Gov. Nikki Haley toured two flood-damaged homes in Sumter Wednesday to call attention to the fact that, six months after the historic floods that hit the state, recovery is not over. She toured one home where rebuilding efforts are just getting started and another next door where rebuilding is almost finished.
She told reporters, “I think seeing a house that’s being started and seeing a house that’s being finished, it keeps us motivated to say, ‘We’ve got to keep going until we get every family back into their home.’”
The home that’s almost finished belongs to Barbara Campbell, who’s lived in the home for 25 years. The water was up to the bottom of the roof during the flooding. “So anything in the house was destroyed,” she says. “I couldn’t even describe it. It was nothing but a disaster.”
Her home was rebuilt by Mennonite volunteers from Pennsylvania. They and other faith-based groups are providing free labor while the One SC Fund, which Gov. Haley started, provides the building materials. The fund has raised about $1.5 million so far. Every penny goes to materials. Gov. Haley says the faith-based groups have done more than $7 million worth of free labor and are working on more than 600 homes.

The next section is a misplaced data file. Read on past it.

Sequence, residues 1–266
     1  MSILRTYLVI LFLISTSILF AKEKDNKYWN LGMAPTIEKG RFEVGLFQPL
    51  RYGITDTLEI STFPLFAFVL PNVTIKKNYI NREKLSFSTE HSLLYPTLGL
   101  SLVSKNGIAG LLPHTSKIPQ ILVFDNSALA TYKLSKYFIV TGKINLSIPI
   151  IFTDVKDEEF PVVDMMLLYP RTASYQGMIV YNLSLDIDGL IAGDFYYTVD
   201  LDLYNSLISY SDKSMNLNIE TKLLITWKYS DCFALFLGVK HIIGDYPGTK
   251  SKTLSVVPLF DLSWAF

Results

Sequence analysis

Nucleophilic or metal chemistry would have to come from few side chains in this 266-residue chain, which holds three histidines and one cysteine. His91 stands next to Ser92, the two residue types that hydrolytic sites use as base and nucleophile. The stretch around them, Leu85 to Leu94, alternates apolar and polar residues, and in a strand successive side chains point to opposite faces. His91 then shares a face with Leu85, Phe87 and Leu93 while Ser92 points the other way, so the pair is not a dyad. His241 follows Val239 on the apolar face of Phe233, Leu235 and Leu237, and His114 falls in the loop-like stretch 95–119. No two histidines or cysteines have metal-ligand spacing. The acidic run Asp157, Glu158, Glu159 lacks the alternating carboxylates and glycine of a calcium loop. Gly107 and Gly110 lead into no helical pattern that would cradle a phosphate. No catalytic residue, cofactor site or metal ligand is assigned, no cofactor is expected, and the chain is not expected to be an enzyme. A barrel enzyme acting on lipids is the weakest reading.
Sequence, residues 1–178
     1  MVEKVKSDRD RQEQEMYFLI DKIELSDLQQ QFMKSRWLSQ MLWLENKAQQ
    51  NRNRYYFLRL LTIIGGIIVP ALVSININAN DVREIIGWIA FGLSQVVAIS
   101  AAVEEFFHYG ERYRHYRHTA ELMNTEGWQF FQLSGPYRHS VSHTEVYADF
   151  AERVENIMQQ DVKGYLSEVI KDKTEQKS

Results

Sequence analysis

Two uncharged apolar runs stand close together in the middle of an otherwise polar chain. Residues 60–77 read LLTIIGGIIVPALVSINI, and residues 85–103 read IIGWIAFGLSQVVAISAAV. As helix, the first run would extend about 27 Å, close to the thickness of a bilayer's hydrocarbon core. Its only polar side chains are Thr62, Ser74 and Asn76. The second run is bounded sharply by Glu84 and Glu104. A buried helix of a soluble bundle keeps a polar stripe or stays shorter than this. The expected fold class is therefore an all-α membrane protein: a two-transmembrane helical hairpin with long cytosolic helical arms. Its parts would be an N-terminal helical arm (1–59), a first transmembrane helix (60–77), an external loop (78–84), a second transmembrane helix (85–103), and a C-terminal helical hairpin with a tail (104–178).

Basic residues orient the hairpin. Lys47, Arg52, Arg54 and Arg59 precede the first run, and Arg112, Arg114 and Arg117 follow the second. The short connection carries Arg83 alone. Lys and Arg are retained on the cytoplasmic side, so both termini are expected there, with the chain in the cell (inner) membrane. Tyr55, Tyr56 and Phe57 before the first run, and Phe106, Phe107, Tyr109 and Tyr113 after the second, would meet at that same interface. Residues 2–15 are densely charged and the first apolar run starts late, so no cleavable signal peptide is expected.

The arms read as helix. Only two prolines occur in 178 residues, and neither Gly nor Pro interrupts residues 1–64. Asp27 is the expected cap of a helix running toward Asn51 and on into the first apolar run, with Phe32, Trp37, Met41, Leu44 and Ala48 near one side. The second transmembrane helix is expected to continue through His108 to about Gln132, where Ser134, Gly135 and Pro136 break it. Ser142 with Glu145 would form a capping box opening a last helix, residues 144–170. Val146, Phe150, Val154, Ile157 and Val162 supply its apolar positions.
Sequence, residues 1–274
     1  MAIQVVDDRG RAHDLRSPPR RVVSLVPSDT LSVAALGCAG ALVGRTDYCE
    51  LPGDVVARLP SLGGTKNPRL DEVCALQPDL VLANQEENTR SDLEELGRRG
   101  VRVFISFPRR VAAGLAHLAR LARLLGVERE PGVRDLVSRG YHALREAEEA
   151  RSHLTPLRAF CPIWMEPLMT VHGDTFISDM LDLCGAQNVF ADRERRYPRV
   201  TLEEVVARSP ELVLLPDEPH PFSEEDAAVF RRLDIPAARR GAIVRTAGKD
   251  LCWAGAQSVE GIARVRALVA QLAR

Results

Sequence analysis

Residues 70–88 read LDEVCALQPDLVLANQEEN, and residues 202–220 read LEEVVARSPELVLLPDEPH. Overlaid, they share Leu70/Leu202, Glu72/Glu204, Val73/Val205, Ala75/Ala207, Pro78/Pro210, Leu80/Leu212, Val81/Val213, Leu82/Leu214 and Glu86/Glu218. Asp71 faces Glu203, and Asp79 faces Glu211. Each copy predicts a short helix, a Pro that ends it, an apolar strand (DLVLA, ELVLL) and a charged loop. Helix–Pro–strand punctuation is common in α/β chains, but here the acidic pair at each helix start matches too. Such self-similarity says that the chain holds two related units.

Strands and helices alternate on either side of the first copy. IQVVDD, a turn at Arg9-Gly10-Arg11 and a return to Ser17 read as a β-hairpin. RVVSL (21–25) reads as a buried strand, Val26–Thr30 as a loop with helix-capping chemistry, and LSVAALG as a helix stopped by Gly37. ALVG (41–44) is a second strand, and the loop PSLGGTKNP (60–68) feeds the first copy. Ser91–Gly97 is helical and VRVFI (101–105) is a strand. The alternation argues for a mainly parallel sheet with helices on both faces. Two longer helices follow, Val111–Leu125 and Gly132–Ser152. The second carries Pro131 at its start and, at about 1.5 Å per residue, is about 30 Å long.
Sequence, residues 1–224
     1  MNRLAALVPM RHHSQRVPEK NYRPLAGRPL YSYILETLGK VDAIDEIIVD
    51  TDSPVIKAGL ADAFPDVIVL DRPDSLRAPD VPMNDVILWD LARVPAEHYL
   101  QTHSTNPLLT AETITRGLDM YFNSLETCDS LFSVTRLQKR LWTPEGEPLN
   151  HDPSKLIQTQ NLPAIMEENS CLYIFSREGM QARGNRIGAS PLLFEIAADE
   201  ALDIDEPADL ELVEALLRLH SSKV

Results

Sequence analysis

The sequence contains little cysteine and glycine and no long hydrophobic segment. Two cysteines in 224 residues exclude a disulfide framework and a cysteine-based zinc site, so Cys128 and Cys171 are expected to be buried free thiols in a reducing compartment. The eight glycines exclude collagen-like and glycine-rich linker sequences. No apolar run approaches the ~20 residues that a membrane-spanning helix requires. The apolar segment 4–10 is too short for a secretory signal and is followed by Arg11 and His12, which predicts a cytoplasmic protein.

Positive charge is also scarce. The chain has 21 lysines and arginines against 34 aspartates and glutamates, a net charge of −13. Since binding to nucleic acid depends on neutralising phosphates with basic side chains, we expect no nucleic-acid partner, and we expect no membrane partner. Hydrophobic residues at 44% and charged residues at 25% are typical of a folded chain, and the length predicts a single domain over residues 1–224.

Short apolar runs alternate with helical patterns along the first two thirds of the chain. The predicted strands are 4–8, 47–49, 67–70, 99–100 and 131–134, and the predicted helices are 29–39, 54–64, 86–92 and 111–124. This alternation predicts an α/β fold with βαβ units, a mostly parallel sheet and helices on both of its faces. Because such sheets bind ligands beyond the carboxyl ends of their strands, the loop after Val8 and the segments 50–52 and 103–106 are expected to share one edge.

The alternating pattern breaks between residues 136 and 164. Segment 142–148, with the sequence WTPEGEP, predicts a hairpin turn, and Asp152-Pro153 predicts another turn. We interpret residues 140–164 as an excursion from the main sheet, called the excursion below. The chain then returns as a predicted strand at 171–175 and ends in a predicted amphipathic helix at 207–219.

“What we need to remember is though the sun is shining and the water is gone, the damage and devastation throughout the state is still there, and we are not going to stop until we continue to rebuild and get these families back in their home,” she says. “But we need the people of South Carolina’s help, and that is to go to the OneSCFund.org and help your neighbors in need.”
The second home the governor toured is owned by 98-year-old Emma McClure. Her daughter, Emily Rickard, says seeing the damage to the home was difficult, since it was the home in which she grew up. “Just numb, especially to see all of my childhood memories just being heaped out in a pile by the side of the road,” she says.
Her husband, Billy, had planned to renovate the home himself, but then saw the damage and realized it was too big a job to do alone. After he prayed for help, he saw a flier on the door offering it. Now, the Mennonites are working on the house. “They put their life on hold to volunteer to come down here and help people that would not be able to get back in their house, so they’re just wonderful people,” he says.